In his new, highly acclaimed book, No Rules Rules, Reed Hastings, the founder and CEO of Netflix, recounts a telling story. It was 2007, still the early days for Netflix, when they were largely in the DVD-by-mail business and figuring out how to launch into streaming. Hastings pushed through a plan (infamously known as the Qwikster debacle). It was an abysmal failure: They lost millions of subscribers, and the stock price dropped more than 75 percent. In the aftermath, many Netflix executives came forward: “I knew it was going to be a disaster,” said one, “but Reed is always right, so I kept quiet.” And one VP confessed to Hastings, “You’re so intense when you believe in something, Reed, that I felt you wouldn’t hear me.” For Hastings, this was “the lowest point in my career—definitely not an experience I want to repeat.” But it was also a stark wake-up call, providing valuable lessons that have helped forge Hastings’ and Netflix’s stunning success ever since.
Few people on the outside really understand how challenging the journey of a CEO is. And many CEOs themselves (like Hastings) learn the necessity of ongoing adaptation the hard way. Those who seem to adjust best remain cognizant that being CEO is an evolving state; they remain open to keep considering “what got you here won’t get you there,” as they move through their tenures. Quoted often (far harder to actually heed), this proves over and over again to be a truism--now more than ever.
Staying Open to What You Don’t Know
Old ways of being and thinking are constantly overplayed and overused. “They define who we are. In the process, these reflexes make us blind to the changing needs around us,” writes Herminia Ibarra, renowned professor of organizational behavior, now with the London Business School. We see this quite often and have advised numerous CEOs who come into role heavily reliant on the strengths that paved their way there. With support they come to recognize that these skills may actually be holding them back and eventually evolve to great effect to be the leaders they intended to be.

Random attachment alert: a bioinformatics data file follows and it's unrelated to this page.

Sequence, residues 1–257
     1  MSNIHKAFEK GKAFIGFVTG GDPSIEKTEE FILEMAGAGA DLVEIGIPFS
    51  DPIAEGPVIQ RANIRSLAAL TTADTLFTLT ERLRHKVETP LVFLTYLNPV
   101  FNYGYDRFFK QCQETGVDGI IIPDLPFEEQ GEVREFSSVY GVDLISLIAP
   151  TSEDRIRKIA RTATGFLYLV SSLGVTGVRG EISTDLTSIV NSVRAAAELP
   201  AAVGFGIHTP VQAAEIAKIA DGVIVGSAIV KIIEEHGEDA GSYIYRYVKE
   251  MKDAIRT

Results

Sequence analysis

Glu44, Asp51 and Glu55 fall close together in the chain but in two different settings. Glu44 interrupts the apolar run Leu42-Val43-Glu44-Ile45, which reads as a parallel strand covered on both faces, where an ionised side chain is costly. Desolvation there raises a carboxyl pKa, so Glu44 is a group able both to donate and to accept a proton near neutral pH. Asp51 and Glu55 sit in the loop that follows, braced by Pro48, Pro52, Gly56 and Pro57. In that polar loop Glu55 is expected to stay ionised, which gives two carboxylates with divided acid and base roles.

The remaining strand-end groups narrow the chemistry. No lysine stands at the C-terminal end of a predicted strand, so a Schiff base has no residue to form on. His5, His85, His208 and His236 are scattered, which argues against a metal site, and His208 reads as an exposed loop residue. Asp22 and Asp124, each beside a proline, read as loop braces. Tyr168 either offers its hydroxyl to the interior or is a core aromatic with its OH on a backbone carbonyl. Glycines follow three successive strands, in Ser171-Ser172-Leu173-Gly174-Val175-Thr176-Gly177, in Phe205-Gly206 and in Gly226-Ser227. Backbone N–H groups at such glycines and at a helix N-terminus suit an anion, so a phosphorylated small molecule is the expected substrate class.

At this time in history, it has never been more important for CEOs to ground themselves in a strong core sense of leadership identity and purpose with a resolute commitment to ongoing growth and learning. This means coming into the role knowing who you are as a leader while staying open to what you don’t know—and remaining willing to explore and evolve throughout one’s tenure as the work, role, and world necessitates. “I look back now and believe I should have checked in more, reinvented myself every two years,” one ex-CEO, who led one of the world’s largest auto manufacturers, recently shared with us at a conference on CEO leadership. Increasingly we hear from CEOs like this one, who have learned that in order to transform their organizations, they must keep transforming themselves. COVID and the current challenges facing us all have only made this more imperative.
Disciplined attention is the currency of leadership.Ronald Heifetz, Harvard Business School
Actions Speak Louder Than Words